Anybody who has ever watched the old Tarzan movies from the 1930’s or 1940’s will be very familiar with the broad-shouldered, flowing-haired figure of a loincloth clad Johnny Weissmuller. He played the role of the famous ape-man in twelve movies beginning in 1932 with the aptly named “Tarzan, The Ape Man" and ending with his last movie in that role “Tarzan and the Mermaids” in 1948. Even now if you ask anyone to name an actor who played Tarzan, the majority of people would answer with Johnny Weissmuller. But, Weissmuller wasn’t an actor first and foremost.
He was born on June 2, 1904 in an area of Europe that is now known as Romania but his family immigrated to US before his first birthday. They ended up settling in Pennsylvania, a place often listed incorrectly as Weissmuller’s birthplace. His parents had a second son in the US named Peter. There are reports that Johnny had actually been named Peter at birth (after his father) and his younger brother who was born in the US was named Johnny, but they switched names later so that Johnny Weissmuller could have his brother’s provable US citizenship.
Diagnosed with polio
Before the age of 10, Weissmuller was diagnosed with polio and his doctor at the time suggested that he take up swimming as a means of fighting the disease. He proved to be a natural swimmer and once his family had moved to Chicago, he made the swim team for his local YMCA. This thrust him into the sight line of scouts and he was taken under the wing of a swim coach named William Bachrach who prepared him for the Nationals which Weissmuller proceeded to win in 1921 at the age of just 17. He followed that success by winning the National title in the following two years as well. In July 1922 he broke the then world record for the 100-metre freestyle completing the distance in 58.6 seconds.
1924 Olympics in Paris
Despite being born overseas, Johnny Weissmuller was accepted onto the US Olympic swimming team for the 1924 Olympics. This was achieved by him assuming his brothers date and place of birth giving him US citizenship status.
In the 1924 Olympics in Paris, Weissmuller dominated the swimming competition. He won gold medals in the 100 and 400-metre freestyle events. He swam the anchor leg for the 800-metre relay team that also won gold and even participated in the US bronze medal winning water polo team! Four years later at the Olympics held in Amsterdam, he repeated his gold medal wins in the 100-metre freestyle and relay.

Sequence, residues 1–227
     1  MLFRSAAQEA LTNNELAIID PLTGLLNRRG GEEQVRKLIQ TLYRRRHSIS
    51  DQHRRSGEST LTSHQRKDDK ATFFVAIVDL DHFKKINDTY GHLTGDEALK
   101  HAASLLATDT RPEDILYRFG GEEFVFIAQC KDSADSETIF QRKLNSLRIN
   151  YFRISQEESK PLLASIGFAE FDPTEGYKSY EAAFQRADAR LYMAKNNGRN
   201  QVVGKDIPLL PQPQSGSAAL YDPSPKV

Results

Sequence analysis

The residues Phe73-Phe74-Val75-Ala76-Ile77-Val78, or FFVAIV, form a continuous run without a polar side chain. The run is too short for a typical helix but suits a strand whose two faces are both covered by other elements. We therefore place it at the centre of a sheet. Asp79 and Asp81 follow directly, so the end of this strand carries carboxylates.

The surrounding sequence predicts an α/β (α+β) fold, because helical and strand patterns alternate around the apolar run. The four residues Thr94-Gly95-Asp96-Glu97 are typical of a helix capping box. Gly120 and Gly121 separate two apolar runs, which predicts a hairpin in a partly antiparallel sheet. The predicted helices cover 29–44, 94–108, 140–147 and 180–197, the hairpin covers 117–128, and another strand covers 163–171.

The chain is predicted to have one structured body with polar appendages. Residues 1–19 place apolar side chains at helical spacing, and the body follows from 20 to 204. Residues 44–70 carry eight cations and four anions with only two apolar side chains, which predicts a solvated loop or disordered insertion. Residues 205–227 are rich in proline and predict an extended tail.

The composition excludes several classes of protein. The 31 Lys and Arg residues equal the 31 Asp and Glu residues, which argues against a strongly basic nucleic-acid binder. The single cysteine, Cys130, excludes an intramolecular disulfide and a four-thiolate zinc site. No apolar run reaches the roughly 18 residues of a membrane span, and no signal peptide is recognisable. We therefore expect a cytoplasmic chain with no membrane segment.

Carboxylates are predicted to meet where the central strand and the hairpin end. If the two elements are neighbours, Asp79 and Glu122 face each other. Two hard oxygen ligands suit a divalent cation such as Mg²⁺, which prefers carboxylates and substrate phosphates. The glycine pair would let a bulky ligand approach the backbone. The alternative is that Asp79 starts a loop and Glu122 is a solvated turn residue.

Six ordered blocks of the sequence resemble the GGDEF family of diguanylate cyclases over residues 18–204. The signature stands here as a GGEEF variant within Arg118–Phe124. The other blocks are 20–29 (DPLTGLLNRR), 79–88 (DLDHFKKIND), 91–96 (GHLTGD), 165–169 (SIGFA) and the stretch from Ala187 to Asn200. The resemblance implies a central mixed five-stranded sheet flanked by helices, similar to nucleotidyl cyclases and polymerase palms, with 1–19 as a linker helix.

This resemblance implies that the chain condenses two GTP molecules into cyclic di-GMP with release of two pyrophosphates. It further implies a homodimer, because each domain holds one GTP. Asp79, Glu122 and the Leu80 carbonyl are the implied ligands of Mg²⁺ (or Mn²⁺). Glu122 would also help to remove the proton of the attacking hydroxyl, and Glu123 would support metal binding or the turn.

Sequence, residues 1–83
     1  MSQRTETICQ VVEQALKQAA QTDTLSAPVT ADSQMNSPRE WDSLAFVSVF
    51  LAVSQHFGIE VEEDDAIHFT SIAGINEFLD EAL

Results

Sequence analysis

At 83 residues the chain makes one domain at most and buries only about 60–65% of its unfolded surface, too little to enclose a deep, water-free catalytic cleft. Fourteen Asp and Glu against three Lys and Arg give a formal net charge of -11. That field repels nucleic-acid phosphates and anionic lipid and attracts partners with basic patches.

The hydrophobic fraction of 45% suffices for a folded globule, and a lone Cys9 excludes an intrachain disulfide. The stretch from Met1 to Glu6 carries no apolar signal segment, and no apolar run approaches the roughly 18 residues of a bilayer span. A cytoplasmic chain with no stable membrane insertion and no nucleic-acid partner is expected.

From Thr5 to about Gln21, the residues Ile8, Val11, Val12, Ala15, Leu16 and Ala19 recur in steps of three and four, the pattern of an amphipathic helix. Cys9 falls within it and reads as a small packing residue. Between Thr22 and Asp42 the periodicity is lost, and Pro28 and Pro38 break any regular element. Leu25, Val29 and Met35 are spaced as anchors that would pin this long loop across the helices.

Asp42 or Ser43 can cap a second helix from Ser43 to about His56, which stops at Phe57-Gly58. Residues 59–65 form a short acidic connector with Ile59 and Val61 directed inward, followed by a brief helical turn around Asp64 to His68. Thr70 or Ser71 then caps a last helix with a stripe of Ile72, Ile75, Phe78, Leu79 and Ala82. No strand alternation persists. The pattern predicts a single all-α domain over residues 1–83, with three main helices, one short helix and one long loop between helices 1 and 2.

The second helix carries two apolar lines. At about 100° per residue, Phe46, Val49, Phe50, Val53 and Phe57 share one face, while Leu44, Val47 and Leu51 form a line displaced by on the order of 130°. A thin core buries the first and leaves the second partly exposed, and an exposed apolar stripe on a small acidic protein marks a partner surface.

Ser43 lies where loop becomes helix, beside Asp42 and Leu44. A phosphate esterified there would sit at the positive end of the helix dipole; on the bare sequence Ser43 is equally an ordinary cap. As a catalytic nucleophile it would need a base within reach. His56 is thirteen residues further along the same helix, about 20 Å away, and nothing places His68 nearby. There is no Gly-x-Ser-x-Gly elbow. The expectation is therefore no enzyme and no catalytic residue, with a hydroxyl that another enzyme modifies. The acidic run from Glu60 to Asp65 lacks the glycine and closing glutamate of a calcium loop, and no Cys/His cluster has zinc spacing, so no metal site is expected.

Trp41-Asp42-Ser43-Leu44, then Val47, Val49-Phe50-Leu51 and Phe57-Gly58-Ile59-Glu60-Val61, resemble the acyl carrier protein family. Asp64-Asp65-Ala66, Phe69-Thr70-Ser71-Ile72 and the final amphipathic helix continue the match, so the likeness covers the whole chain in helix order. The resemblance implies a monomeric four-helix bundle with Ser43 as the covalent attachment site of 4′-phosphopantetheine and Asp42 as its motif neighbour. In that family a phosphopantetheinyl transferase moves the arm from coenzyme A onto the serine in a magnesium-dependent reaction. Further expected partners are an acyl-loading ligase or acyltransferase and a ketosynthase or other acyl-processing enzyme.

Career after swimming
Soon after the 1928 Olympics Johnny Weissmuller decided to venture into a new career line promoting swimwear. His big break came as his fame grew from doing talk shows and travelling the country promoting the products. He signed a deal with MGM to play Tarzan and his legend began.
His trademark yell echoed through a dozen Tarzan stories and in fact the yell was so good that it was used on tape for many future Tarzans. The result was that the public remembers him wearing a loincloth but the truth is that Weissmuller actually made an indelible mark on swimming, setting 51 world records in distances from 50-800 metres. In 1950, the Associated Press named him the greatest swimmer of the half-century and most movie buffs also give him the title of the greatest movie Tarzan.
Johnny Weissmuller died on January 20, 1984 in Acapulco, Mexico – a place famous for cliff diving. A very fitting final destination for a man who could swim with the fish and swing with the apes.
Pete (author) from Ontario, Canada on January 21, 2013:
To meet Johnny Weissmuller is a true claim to fame - I'm dead jealous! Thanks for stopping by...
Lillian Edwards-Walker from Atlanta, Ga on January 21, 2013:
Great hub! I'm actually from Ocala, Florida where they filmed some of his first shows down at Florida Silver Springs. My father was a "Glass Bottom Boat" driver there for 26 years.
My sister and I met Johnny once. He was our favorite hero of all times, and absolutely the "Best" Tarzan ever!!
Thanx for the path back down memory lane, when life was so simple :)
Pete (author) from Ontario, Canada on February 29, 2012:
@SimpleGiftsofLove - that's a really cool story. It must be a neat talking point to have a direct family link to Tarzan!
@Michelle Travis - I'll take the one thumb up for now... much appreciated.
Michele Travis from U.S.A. Ohio on February 29, 2012:
This is a wonderful hub. We used to watch Tarzan as children ( 4 kid in my house) and loved him. It is also amazing he had polio and was able to overcome it so well. Wish I could give you more then just one thumbs up.
SimpleGiftsofLove from Colorado on February 28, 2012:
Great tribute to a wonderful man. In his later years, he was a swimming coach for the Playdium Penguins in Glenview, Illinois. He taught my father to coach us, and left us quite a legacy, as we competed as a team. Thanks for the reminder, that good famous people give selfishly and pass their talents on to others, rather than sit in mansions hoarding their wealth and waiting to die, leaving only money as their "legacy".
Jim Dorsch from Alexandria, VA on February 27, 2012:
Interesting story. I used to watch Weissmuller as a kid. Up and interesting ... sharing.